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|Federal Agents Seize more than $24 Million in
Unapproved New Drugs July 30, 2008
Products made after the FDA required an end to
Representatives of the U.S. Food and Drug Administration
and the U.S. Marshals Service today seized $24.2 million
worth of unapproved new drugs from KV Pharmaceutical
Company of St. Louis, Mo. Agents acted after United
States Attorney Catherine L. Hanaway filed a civil forfeiture
suit and obtained a warrant to seize the unapproved new
drug products being made by KV Pharmaceutical.
"American consumers are entitled to have safe and
effective drugs," said Hanaway.
The seizure followed an inspection of several of the
company's plants where FDA investigators found that the
company was not complying with an FDA enforcement
notice as well as manufacturing unapproved new drugs
such as products for cough, cold, topical wound healing,
skin bleaching, and gastrointestinal conditions, as well as
narcotic drug products.
"The FDA is committed to taking enforcement action
against firms that circumvent the drug approval process,"
said Janet Woodcock, M.D., director of FDA's Center for
Drug Evaluation and Research (CDER). "Consumers need
to be confident that the drugs and medical products they
use are safe and effective, and the FDA will take the
necessary measures to ensure safety and effectiveness
throughout the lifecycle of the product, including keeping
the product from reaching the marketplace."
In a routine inspection of KV Pharmaceutical's facilities in
early 2008, the FDA found the company was violating its
May 29, 2007, notice (72 FR 29517) requiring companies
to stop manufacturing all timed-release drug products
containing guaifenesin, including combination drug
products in which guaifenesin is in immediate release form,
but another ingredient in the combination drug product is
in timed-release form, because they are unapproved new
drugs. FDA took the action as part of its effort to ensure
that all drugs marketed in the United States have the
required FDA approval and that they are safe, effective, of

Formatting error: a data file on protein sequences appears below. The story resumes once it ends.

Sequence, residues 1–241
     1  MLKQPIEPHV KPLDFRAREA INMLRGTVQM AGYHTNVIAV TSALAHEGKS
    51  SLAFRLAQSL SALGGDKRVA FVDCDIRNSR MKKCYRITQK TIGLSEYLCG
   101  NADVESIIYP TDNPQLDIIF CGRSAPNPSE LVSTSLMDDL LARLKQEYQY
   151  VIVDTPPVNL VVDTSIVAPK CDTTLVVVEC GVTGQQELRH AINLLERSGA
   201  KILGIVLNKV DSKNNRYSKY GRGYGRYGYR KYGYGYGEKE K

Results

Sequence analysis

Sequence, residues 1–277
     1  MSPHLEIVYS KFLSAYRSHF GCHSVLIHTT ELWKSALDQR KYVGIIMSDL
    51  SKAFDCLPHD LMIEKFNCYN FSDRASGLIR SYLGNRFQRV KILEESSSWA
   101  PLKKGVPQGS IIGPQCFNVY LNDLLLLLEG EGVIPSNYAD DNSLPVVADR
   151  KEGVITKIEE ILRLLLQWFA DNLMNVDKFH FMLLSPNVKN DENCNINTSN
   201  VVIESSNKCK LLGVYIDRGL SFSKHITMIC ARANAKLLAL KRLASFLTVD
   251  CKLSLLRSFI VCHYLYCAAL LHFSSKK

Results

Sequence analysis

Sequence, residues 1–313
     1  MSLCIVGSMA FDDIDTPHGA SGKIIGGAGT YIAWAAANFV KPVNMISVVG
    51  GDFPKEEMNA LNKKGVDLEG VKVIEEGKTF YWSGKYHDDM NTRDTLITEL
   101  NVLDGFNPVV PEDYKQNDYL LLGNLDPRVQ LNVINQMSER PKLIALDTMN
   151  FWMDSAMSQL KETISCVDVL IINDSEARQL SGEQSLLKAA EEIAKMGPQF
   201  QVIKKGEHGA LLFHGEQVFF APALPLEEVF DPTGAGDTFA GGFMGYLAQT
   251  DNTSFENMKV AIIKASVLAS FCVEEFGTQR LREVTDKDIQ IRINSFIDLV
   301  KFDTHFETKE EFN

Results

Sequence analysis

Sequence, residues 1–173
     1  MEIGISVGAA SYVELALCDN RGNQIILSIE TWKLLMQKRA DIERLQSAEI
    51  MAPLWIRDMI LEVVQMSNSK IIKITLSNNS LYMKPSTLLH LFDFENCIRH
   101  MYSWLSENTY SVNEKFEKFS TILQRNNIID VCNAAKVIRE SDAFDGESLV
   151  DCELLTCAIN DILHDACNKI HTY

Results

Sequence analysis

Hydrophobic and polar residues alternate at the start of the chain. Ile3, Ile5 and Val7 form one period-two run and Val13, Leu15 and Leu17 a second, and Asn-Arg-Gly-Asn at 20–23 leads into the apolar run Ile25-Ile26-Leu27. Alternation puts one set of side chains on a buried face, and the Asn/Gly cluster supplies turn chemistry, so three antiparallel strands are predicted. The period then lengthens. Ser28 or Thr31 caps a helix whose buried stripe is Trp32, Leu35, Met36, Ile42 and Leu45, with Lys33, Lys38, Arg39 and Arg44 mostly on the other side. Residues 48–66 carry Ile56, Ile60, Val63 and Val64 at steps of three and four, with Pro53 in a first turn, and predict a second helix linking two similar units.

good quality, and are appropriately labeled. For products
in timed-release form, FDA approval is also necessary to
make sure that the product releases its active ingredients
at the correct rate. Improperly manufactured timed-release
products may release the active ingredients too quickly,
too slowly, or not at all, making the product unsafe or
The FDA required companies to stop manufacturing the
affected products before August 27, 2007, and to stop
shipping the products before November 26, 2007. KV
Pharmaceutical continued to manufacture and ship these
unapproved new drugs after the cessation dates.
The inspection also exposed the company's manufacturing
and distribution of other unapproved drug products.
Today's action addresses numerous unapproved drug
products manufactured and distributed by the company.
The following drug products were seized and will be
* PhenaVent Capsules
* PhenaVent LA Capsules
* PhenaVent PED Capsules
* Ethezyme Papain-Urea Ointment
* Ethezyme 650 Papain-Urea Ointment
* Ethezyme 830 Papain-Urea Ointment
* Hista-Vent DA Tablets
* Meperidine/Promethazine Capsules
* Pseudovent Capsules
* Pseudovent 400 Capsules
* Pseudovent PED Capsules
* Tri-Vent DM Syrup
* Tri-Vent DPC Syrup
* Hydro-Tussin DM Liquid
* Hydro-Tussin CBX Syrup
* Hydro-Tussin DHC Syrup
* Hydro- Tussin EXP Syrup
* Hydro-Tussin HD Syrup
* Hyoscyamine Sulfate Sublingual Tablets
* Hydroquinone 4% Cream
* Hydroquinone 4% Cream with Sunscreen
* Bromfenex Extended Release Capsules
* Bromfenex PD Extended Release Capsules
The seized drugs had been held under embargo by the
state of Missouri. Since the time of the embargo, KV
Pharmaceutical has been cooperating with FDA officials.
"The FDA will take action against companies that continue
to manufacture or market an unapproved product after the
marketing or distribution cessation date," said Deborah M.
Autor, director of the FDA's Office of Compliance within
CDER. "When a company does not heed a cessation date
relating to a specific product, the FDA will take
enforcement action relating to the company's other
In June 2006, the FDA issued a guidance document titled,
"Marketed Unapproved Drugs—Compliance Policy Guide
(CPG)." This CPG makes clear that companies may not
market drugs that require approval without first
establishing, through applications for approval, that the
products are safe and effective.
The FDA encourages consumers who may have these
products to contact their health care professional about
FDA-approved treatments and discard these products.
Federal Agents Seize more than $24 Million in Unapproved
New Drugs, FDA News, July 30, 2008